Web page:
Using Inertial Measurement Units originally developed for biomechanics for modal testing of civil engineering structures

David Hester, James Brownjohn, Mateusz Bocian, Yan Xu, Antonino Quattrone

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13 Citations (Scopus)
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This paper explores the use of wireless Inertial Measurement Units (IMU) originally developed for bio-mechanical research applications for modal testing of civil engineering infrastructure. Due to their biomechanics origin, these devices combine a triaxial accelerometer with gyroscopes and magnetometers for orientation, as well as on board data logging capability and wireless communication for optional data streaming and to coordinate synchronisation with other IMUs in a network. The motivation for application to civil structures is that their capabilities and simple operating procedures make them suitable for modal testing of many types of civil infrastructure of limited dimension including footbridges and floors while also enabling recovering of dynamic forces generated and applied to structures by moving humans. To explore their capabilities in civil applications, the IMUs are evaluated through modal tests on three different structures with increasing challenge of spatial and environmental complexity. These are, a full-scale floor mock-up in a laboratory, a short span road bridge and a seven story office tower. For each case, the results from the IMUs are compared with those from a conventional wired system to identify the limitations. The main conclusion is that the relatively high noise floor and limited communication range will not be a serious limitation in the great majority of typical civil modal test applications where convenient operation is a significant advantage over conventional wired systems.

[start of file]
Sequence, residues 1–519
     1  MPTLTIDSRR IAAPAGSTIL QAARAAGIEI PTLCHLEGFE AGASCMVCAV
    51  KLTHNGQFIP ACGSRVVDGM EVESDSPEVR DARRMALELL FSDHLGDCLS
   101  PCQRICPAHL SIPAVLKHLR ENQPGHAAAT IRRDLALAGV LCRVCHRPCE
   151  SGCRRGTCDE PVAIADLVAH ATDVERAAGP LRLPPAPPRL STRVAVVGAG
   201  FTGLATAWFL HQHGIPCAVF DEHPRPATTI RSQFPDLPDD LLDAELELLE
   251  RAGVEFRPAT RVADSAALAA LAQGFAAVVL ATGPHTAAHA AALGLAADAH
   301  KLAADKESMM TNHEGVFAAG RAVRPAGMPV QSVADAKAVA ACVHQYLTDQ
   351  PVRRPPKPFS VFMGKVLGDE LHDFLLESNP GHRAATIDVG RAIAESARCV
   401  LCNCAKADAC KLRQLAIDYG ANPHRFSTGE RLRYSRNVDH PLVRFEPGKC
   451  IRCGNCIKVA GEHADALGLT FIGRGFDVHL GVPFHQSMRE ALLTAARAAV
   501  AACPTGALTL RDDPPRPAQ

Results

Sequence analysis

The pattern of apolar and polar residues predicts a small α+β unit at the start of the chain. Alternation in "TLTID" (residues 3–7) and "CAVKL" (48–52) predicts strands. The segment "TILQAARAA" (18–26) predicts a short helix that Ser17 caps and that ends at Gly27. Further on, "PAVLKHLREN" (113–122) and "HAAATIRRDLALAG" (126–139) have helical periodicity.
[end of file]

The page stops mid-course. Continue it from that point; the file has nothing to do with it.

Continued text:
Original languageEnglish
Pages (from-to)776-798
JournalMechanical Systems and Signal Processing
Early online date01 Dec 2017
Publication statusPublished - 01 May 2018


  • Operational Modal analysis
  • Wireless sensors
  • Ambient vibration
  • Civil engineering structures


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